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September 2006
Engaging with the Omnivore

The Satya Interview with Michael Pollan


Michael Pollan. Courtesy of

Over the past several years, journalist Michael Pollan has been assessing what he calls “our national eating disorder.” Subsidies on corn fuel this epidemic as they cheaply allow factory farm feedlots to flourish. Pollan documented the life of one steer in particular, showing this cheap food comes with a high cost. In addition to exploring industrial agriculture, Pollan has looked at big and small organic farms, as well as the modern day hunter-gatherer. His findings are compiled in his recent book, The Omnivore’s Dilemma: A Natural History of Four Meals (Penguin, 2006). His commentary on industrial organic and Whole Foods Market has engaged Whole Foods CEO John Mackey in a growing public dialogue.

Pollan is also the author of The Botany of Desire: A Plant’s-Eye View of the World (2001), a contributing writer to the New York Times Magazine and the Knight Professor of Science and Environmental Journalism at UC Berkeley.

Sangamithra Iyer recently engaged omnivore Michael Pollan in a dialogue about conscious eating.

Just this year alone there have been so many books, including The Omnivore’s Dilemma, about how we eat, the way we eat, what to eat, etc. Why do you think that is?

Generally there is a lot of anxiety and confusion about food choices right now. What’s the right thing to eat for your health? Is it ethical? I think the glimpse people have had into the brutality of animal agriculture, just in the series of articles and occasional TV news items, has shocked people. The controversy around mad cow disease has also been a real window into animal agriculture. People learned for the first time that we feed cows to cows, chicken manure to cows and put downer cows into the food supply. It’s been enough to scare the hell out of people and they are hungry for alternatives.

You’ve been engaging in an interesting public correspondence with John Mackey, CEO of Whole Foods. What do you make of his second rebuttal to you?
Well, you know, it was a rebuttal in part, but there were some very significant proposals in there indicating he is prepared to change the way they do business. Now, I don’t want to take credit for that. I think they have other reasons to do it—they have to deal with new competition from Wal-Mart. But the proposals were much more than PR—$10 million in loans to help finance small agriculture and the determination to do more local sourcing is actually happening. Since that letter was written, farmers, ranchers and meat packers have told me they can feel the change down at the grassroots level. So we’ll see what happens. We’ll see if they stick with it. But I’m very encouraged. I think it’s been a very productive exchange.

There is a growing movement for omnivores like yourself, who are interested in grass-fed animals raised in “humane” conditions. As the demand for this grows, what are your thoughts and concerns?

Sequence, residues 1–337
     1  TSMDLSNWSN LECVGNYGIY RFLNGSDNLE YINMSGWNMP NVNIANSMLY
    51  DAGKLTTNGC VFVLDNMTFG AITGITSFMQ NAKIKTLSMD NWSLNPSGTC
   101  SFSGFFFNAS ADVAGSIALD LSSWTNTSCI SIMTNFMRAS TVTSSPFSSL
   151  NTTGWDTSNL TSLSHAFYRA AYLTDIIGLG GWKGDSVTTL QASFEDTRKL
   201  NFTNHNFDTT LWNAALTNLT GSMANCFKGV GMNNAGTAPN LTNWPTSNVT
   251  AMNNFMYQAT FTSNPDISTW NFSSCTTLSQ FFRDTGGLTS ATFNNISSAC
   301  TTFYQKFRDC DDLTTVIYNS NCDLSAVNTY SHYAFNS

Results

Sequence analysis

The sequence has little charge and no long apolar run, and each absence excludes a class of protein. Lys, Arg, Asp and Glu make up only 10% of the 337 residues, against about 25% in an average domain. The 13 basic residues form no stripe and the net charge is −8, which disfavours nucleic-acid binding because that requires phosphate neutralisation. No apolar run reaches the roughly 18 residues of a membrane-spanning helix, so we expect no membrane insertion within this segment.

I think we are moving in a direction where there will soon be a separate meat food chain from farms that are certified as being humane. There [will be] a Whole Foods program to certify their suppliers as being [animal compassionate]. We need the organic standards to raise the bar on animal welfare because they are completely inadequate when it comes to animal welfare.

There is a recognition by the food industry that there are a significant number of consumers [willing to] pay more for the peace of mind in knowing their animals were humanely treated and killed. There is also a good business reason—when animals are [treated better] their meat is of better quality.

There is something to be said about the issue of scale. A message that gets lost in all of this, and one thing I think we agree on, is a reduction in meat consumption.
There is no question. Eating meat consumes far too many resources. [So much] fossil fuel goes to support both milk and meat consumption. That said, grass-fed meat does not consume a lot of fossil fuels. If we were to put all our cattle out on grass, we would probably be eating a lot less meat, because it would be more expensive and there would be less of it. I think that’s good.

I am a carnivore, but am so picky about where I’m willing to eat meat from. It’s only when I find grass-fed meat that I’ll eat beef. The net result is very limited carnivory.

Where I have the utmost respect for vegans and vegetarians is, unlike most of us, they give a lot of thought to the implications of their eating decisions. That’s the big step, to pay attention and play out the ramifications of what happens when you eat this and not that. If you come out at a slightly different place—willing to eat a certain kind of meat under certain circumstances, or no meat or no animal products at all—that matters less to me than the fact you’ve undergone that exercise. If more people were conscious about their eating decisions, many problems would end. I feel a lot of solidarity with vegetarians because they’ve taken the biggest step, which is to start thinking.